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Food: Options or Alternatives?

How do your choices stack up from both nutrition and eating experience perspectives?

We have a world of choices when it comes to our food. Global flavors, regional cuisine, family recipes passed down through the generations. Food has tremendous meaning to us, yet at the most fundamental level, we need the nutrients in the food to survive and thrive, and ultimately, that is why we need to eat. This, my friends, is the background to why this conversation about choice matters. For now, we are going to focus on two important words because of the implications to our intake. Ready? Here we go:

An alternative is a choice that can be made instead of something else.

An option is something that can be chosen.

Weird? Not really.

This is an important distinction when it comes to our food. Why? Because not all foods are created equal.

Foods are organized into food groups by similar major nutrient(s). Take the protein group, for example. When you eat beans, nuts, and/or seeds, you get fiber along with that protein. When you eat fish, you get omega-3’s. Eat meat/pork/fish, and you get heme iron (a really absorbable form of iron), and when you eat eggs, you get choline in the yolk. I’m oversimplifying because there are so many more nutrients in every choice, but this gives you the gist. Bottom line: while all of these provide protein, each one of these delightful choices has a unique package of nutrients we need. Some have similar nutrient profiles, so they would be true alternatives to each other. Some are very different beyond the similarity of containing protein, so they are options.

Here are two of my favorite examples to bring this to life:

Spinach is an alternative to kale. They are both deep green veggies with a very similar nutrient profile.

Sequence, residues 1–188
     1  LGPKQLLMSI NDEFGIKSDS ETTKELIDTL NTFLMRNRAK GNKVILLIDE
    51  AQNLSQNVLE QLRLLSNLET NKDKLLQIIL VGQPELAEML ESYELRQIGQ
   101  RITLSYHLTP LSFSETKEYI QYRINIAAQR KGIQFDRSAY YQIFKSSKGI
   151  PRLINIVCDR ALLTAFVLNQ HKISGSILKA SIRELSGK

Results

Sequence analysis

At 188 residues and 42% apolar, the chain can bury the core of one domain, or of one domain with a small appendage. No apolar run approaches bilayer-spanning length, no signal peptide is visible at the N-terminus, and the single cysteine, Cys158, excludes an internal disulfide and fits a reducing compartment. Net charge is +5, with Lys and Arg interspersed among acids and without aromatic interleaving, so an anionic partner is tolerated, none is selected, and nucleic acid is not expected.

Cauliflower steak and beef steak are options to choose from. You can cut cauliflower into a thick portion, marinate it, and grill it, but it is not a source of protein. It is a lovely cruciferous vegetable with a great nutrient package on its own, but it is not an alternative to meat just because you can prepare it in a similar fashion. If you choose the cauliflower, consider where you will get protein and incorporate that into your menu. If you choose the beef steak, consider what veggie to serve with it.

So now you know. Next time you see a trendy news story pop up in your feed, you can ask yourself the important question: is it nutritionally equivalent? Then, you can take intentional action to ensure that your choices provide the nutrition you need to support your health and activities.

Food is awesome. It supports us on the most fundamental level plus it gives us pleasure to cook and serve and eat with our loved ones. Enjoy and feel good about this – and now, you can feel even better because you are thinking about how that food is working to support your health and human needs.

What options will you choose today?

By Kim Kirchherr

I am a dietitian working in food and fiber (agriculture) through retail, addressing opportunities to make things better for people and planet.

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